Let me tell you a story about an indecisive girl (me, I'm the indecisive girl) who once cut her hair into a lob and then immediately changed her mind and decided to grow it out. Familiar story, right? So it's probably unsurprising that I spent the next many, many months researching how to make my hair grow faster and refusing to get much-needed hair trims, in an effort to keep my length. But you know what I should have been looking into instead? Hair dusting.
Not a haircut, not even a trim, a hair dusting is a technique in which you remove only the split ends, strand by strand. As a result, you get to keep your hard-earned length and part ways with only the destructive damage. Because unhealthy hair eventually leads to breakage, and those broken-off pieces are gonna make your hair growth journey a whole heck of a lot harder. Normally, I wouldn't recommend cutting your own hair, but hair dusting? Anyone can DIY that, and we've got plenty of advice and all the tutorials you need, below.
What does dusting mean when cutting hair?
Unfortunately, split ends won't go away on their own or fix themselves, and if left alone, they just get worse. “Split ends lead to what most people consider breakage, which is when the hair breaks at a point that makes the strand significantly shorter than the unbroken hair,” celeb hairstylist Cash Lawless has previously told Cosmo. What's more, it's impossible to totally mend a split end, and the only way to truly get rid of it is to cut it off.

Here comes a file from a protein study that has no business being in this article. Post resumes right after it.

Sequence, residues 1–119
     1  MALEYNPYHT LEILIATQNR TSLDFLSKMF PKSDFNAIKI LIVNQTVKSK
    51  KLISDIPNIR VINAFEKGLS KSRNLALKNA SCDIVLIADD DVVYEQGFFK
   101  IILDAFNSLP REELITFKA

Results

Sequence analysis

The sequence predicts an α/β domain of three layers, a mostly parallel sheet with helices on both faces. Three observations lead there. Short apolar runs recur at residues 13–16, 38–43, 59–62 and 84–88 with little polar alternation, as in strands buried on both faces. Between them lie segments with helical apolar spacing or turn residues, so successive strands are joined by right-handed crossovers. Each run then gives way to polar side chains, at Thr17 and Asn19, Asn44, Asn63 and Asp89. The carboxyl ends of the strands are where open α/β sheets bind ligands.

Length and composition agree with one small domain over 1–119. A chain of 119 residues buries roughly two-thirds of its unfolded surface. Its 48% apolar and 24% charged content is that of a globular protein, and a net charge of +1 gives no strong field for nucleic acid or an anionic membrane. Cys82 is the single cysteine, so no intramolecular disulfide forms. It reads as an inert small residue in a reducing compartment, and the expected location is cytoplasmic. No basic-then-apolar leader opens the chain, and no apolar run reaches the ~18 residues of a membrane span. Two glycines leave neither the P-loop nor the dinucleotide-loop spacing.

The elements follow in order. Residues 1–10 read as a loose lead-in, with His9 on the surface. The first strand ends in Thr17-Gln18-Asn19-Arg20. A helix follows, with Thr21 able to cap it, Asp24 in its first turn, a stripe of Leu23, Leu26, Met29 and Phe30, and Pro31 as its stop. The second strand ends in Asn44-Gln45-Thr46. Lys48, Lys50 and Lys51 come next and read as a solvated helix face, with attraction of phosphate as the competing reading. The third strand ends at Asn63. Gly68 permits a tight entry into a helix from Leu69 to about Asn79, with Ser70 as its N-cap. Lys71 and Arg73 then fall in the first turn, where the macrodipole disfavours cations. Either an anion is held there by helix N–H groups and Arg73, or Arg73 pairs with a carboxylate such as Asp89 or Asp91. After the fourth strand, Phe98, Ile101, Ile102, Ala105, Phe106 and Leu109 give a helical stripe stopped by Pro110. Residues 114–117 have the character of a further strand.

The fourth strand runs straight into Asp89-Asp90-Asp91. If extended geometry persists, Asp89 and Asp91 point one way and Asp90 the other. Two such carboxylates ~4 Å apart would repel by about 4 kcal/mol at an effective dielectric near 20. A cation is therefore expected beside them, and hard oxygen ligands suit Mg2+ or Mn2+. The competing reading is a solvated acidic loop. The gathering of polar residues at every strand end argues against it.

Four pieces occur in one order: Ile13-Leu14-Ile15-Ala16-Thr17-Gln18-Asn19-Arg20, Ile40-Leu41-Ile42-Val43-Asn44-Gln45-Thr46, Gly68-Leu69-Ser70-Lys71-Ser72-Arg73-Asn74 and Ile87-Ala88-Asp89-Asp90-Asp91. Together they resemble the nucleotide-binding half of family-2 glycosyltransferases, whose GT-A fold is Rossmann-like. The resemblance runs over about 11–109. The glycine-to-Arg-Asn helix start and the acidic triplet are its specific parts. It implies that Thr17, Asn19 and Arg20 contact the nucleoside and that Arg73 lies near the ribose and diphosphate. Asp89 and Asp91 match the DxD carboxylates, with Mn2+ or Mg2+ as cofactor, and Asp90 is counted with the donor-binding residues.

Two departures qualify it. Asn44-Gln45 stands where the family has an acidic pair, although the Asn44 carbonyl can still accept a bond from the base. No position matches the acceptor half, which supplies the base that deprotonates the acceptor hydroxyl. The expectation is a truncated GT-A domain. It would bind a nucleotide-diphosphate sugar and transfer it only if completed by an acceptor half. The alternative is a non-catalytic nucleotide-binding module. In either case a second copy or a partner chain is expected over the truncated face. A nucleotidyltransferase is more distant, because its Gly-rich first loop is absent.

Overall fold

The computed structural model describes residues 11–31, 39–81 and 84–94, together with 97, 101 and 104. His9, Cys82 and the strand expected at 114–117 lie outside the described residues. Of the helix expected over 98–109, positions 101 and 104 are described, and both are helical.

Hair dusting is ideal for those who shudder at the thought of a haircut (why do hairdressers always take off more than they say they will?!), but still need to clean up their ends and split pieces. The term “dusting” is just a nickname for getting rid of the tips or ends of your hair without removing any length, according to Raven Hurtado, a hairstylist at Maxine Salon.
Is dusting healthy for hair?
Yes! That's actually the point of hair dusting—to remove the unhealthy parts and reveal healthy-looking ends. What's not healthy is continuing to apply heat, bleach, and rough friction to your hair without also combating some of that damage with masks and deep conditioning treatments and removing the pieces that are past the point of repair.
How can I dust my hair myself?
Welp, this one is going to depend on your hair type and texture, but thankfully, there are some pretty good tutorials on how to dust your hair at home. Though, of course, if you're feeling iffy about it, just make yourself an appointment with a professional, k?
How to dust straight hair:
Dry your hair. Hurtado says the easiest way to dust your hair at home is to start with smooth, dry hair. Trust, it's a lot easier to see the flyaways that stick out and need a trim when your hair is straightened.
Section it off. Work with one small section at a time, and clip away the rest. If you try to dust all your hair at once, you won't be as thorough.
Twist and cut. Hurtado's favorite way to highlight the split ends so you can easily trim them off (less than a quarter of an inch should do it) is to twist the section until you see little hairs sticking out from the rest, then cut. Instead of twisting, you can also wrap the section tight around your pointer and press it between your fingers to keep it tight (watch the video above to see what I mean).